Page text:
Eat right to stop sugar cravings

Did you ever reach out for that extra chocolate bar or second slice of creamy cake, or delve into a packet of biscuits and not give a second thought as to why you were doing so?

Eat right to stop sugar cravings

One woman who lives in Dublin approaches food from a traditional Chinese medicine perspective.

She has an answer for why we crave sweet things: we are looking for satisfaction and mothering, but in the wrong place.

A mum of three, Joanne Faulkner, who has written a book called Shiatsu & The Art of Conscious Cooking, and gives classes and workshops on that theme, says when it comes to the relationship between our bodies and food, we should ask ourselves two questions: How am I feeling? And: What am I craving/needing?

“In shiatsu — which comes from shi (finger) and atsu (pressure) — and traditional Chinese medicine, food and drink are used for dietary healing and support.

"The body is classified into yin/ yang organ pairs and meridians (pathways) which correspond to emotions, flavours, seasons and colours,” she says.

CONSCIOUS COOKING: Joanne Faulkner is a Chinese medicine and shiatsu practitioner specialising in food for health and vitality. Picture: Moya Nolan
CONSCIOUS COOKING: Joanne Faulkner is a Chinese medicine and shiatsu practitioner specialising in food for health and vitality. Picture: Moya Nolan

Whichever of the five flavours — sweet, bitter, sour, salty or pungent — that we crave in any moment, can give us information, therefore, about our emotional state and which organ in our bodies needs that support.

For example sweet cravings are linked to the stomach and the spleen; the season is late summer when there is an abundance of food harvested; the colour orange (such as in carrots, sweet potatoes) and the emotional need is to seek mothering comfort and satisfaction.

Joanne herself experienced this first hand in relation to sweet cravings at age 34 after she qualified as a shiatsu practitioner and was a new mother of twins, Aaron and Zeph, born 14 years ago.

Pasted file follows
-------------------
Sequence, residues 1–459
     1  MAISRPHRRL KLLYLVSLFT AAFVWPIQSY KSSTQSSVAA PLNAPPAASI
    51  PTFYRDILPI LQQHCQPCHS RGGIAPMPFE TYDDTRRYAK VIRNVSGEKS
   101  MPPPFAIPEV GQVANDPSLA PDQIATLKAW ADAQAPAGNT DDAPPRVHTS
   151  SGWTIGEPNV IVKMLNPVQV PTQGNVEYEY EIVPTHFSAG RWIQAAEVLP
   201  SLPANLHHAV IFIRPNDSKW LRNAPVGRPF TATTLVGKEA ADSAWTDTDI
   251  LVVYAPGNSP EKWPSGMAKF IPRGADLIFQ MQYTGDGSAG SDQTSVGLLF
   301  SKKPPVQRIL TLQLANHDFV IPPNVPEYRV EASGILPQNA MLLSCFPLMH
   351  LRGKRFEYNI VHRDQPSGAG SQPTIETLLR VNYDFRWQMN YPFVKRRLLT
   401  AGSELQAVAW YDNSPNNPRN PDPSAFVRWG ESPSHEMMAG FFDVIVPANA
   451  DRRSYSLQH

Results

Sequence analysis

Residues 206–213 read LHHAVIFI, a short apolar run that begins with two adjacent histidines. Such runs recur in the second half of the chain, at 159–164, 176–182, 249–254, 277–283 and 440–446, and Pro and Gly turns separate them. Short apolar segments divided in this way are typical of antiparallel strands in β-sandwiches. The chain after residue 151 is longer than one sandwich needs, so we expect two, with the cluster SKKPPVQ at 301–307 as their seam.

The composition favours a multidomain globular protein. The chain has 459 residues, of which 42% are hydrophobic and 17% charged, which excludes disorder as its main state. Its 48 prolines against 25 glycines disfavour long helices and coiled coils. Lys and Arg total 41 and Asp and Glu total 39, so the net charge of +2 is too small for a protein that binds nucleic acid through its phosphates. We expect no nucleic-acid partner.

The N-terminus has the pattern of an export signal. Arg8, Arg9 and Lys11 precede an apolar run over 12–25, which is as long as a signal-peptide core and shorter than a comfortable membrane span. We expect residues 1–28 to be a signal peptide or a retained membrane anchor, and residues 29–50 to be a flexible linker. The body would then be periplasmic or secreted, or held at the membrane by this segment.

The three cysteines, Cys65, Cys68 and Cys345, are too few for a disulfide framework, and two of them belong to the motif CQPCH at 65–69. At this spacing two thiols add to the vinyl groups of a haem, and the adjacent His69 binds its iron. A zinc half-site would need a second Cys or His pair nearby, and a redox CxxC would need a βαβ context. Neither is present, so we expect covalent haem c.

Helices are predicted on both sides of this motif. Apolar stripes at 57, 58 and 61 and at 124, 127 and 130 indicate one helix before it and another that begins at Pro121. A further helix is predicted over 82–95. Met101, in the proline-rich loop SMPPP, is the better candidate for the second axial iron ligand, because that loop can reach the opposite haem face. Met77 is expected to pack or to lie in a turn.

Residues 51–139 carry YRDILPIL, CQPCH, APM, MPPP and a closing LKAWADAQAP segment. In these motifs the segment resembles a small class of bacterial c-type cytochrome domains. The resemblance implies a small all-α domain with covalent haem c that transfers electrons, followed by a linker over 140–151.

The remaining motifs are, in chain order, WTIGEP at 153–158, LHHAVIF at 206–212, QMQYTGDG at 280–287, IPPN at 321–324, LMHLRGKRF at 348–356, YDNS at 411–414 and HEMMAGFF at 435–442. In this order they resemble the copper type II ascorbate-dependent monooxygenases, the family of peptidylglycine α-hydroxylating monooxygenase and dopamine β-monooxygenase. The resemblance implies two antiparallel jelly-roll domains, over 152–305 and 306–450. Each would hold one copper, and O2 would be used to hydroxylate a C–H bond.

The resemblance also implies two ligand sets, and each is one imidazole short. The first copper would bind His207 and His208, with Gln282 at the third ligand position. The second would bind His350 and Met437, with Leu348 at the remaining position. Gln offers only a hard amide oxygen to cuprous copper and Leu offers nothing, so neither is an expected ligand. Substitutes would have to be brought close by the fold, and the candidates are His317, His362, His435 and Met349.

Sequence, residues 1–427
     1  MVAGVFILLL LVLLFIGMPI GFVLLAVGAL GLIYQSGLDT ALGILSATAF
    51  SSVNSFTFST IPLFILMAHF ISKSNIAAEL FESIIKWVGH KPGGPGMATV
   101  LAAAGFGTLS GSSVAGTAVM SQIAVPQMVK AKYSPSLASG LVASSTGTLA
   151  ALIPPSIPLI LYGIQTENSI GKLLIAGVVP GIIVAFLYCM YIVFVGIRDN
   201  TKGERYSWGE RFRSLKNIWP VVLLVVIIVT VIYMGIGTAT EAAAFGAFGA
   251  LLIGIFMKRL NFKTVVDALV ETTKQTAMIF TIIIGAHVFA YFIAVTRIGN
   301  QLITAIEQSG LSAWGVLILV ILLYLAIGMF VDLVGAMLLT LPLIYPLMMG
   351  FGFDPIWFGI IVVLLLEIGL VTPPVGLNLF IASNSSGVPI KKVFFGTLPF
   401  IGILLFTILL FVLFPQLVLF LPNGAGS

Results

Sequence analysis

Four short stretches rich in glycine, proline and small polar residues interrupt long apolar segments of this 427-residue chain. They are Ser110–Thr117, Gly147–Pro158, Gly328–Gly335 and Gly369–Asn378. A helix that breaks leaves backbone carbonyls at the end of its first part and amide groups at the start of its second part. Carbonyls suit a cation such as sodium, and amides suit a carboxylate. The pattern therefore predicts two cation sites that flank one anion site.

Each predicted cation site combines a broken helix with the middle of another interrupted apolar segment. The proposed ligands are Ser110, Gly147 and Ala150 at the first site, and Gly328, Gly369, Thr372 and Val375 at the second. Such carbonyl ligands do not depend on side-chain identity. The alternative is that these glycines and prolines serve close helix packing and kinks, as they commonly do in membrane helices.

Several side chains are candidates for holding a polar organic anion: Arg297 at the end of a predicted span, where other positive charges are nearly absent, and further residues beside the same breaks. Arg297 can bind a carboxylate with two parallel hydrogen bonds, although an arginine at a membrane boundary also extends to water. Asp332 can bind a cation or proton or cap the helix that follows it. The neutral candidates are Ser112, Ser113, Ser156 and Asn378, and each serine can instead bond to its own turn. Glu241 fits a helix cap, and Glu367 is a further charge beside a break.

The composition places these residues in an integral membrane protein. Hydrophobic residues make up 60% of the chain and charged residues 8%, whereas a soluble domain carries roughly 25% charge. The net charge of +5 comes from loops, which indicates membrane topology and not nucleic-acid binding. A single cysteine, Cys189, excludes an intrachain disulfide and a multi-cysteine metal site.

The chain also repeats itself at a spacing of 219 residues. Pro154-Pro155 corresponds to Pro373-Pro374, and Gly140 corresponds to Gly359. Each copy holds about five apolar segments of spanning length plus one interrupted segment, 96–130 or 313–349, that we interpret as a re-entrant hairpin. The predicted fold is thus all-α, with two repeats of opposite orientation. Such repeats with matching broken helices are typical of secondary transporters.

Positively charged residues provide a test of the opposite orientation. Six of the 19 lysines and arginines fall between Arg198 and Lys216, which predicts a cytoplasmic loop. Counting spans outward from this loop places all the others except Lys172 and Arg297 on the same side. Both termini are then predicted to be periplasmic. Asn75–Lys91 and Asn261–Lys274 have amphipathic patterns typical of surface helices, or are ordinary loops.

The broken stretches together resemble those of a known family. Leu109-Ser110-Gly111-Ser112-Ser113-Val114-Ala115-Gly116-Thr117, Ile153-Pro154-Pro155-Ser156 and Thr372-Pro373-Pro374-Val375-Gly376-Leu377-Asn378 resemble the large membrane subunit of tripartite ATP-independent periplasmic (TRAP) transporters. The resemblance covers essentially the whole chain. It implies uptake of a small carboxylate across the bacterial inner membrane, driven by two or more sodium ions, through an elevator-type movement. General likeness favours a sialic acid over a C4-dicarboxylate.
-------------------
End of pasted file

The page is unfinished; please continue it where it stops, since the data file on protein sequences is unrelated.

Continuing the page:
She had put up 32kg while pregnant and delivered babies weighing 2.8kg and 2.9kg.

“When I had the twins I lost a lot of blood and it took a long time to get it back up. I was constantly craving the comfort of chocolate.

"I’m only five foot and after I had them I was 14 stone [89kg], so really large for my height. I had haemorrhaged when I had the babies and my body was in shock.”

The spleen in Chinese medicine is responsible for making blood but Joanne says her

emotional needs were also evident by her sweet cravings: “I was

giving, giving, giving to the babies and I wasn’t getting or receiving anything back... it was like a bottomless pit.”

Her shiatsu teacher brought her back from that brink and made special soups for her that helped break the sweet cycle.

“That was the turning point when I really, really understood what I had been learning,” says Joanne.

She also had experience of cooking for large groups, so it seemed inevitable that with her shiatsu training and love of food, she would end up combining both skills under the one philosophy: “It’s what I truly knew and understood”.

In addition to her Conscious Cooking classes, Joanne is launching an online video course, How To Stop Sweet Cravings.

“This course will help you tune into your body, translating your emotions, cravings and desires into understanding what is going on inside, giving yourself what you need and loving yourself completely,” she says.

“Using everyday ingredients, participants can watch me make and then download the recipes to stop the sweet cravings. They will also learn the acupressure points on the body that generate energy and subdue cravings.”

Conscious eating is about being aware of our patterns, as everyone is different, says Joanne.

Reaching out for something sweet is okay, but when we are eating too much of it, or can’t stop, we need to realise that food can’t, in that situation “fill the hole inside you that needs to be met”.

It is then we need to check in with ourselves and ask those two questions mentioned earlier that she recommended.

They can be found on an interactive app online which links to her book which sends you to recipes, meditations, acupressure points and traditional Chinese medicine that “suit your mood, satiate your craving or alleviate physical symptoms”.

Food as medicine indeed!

* For link to online app see:

* To find out more about the online course see

* To buy the book and to find out more about Joanne see:

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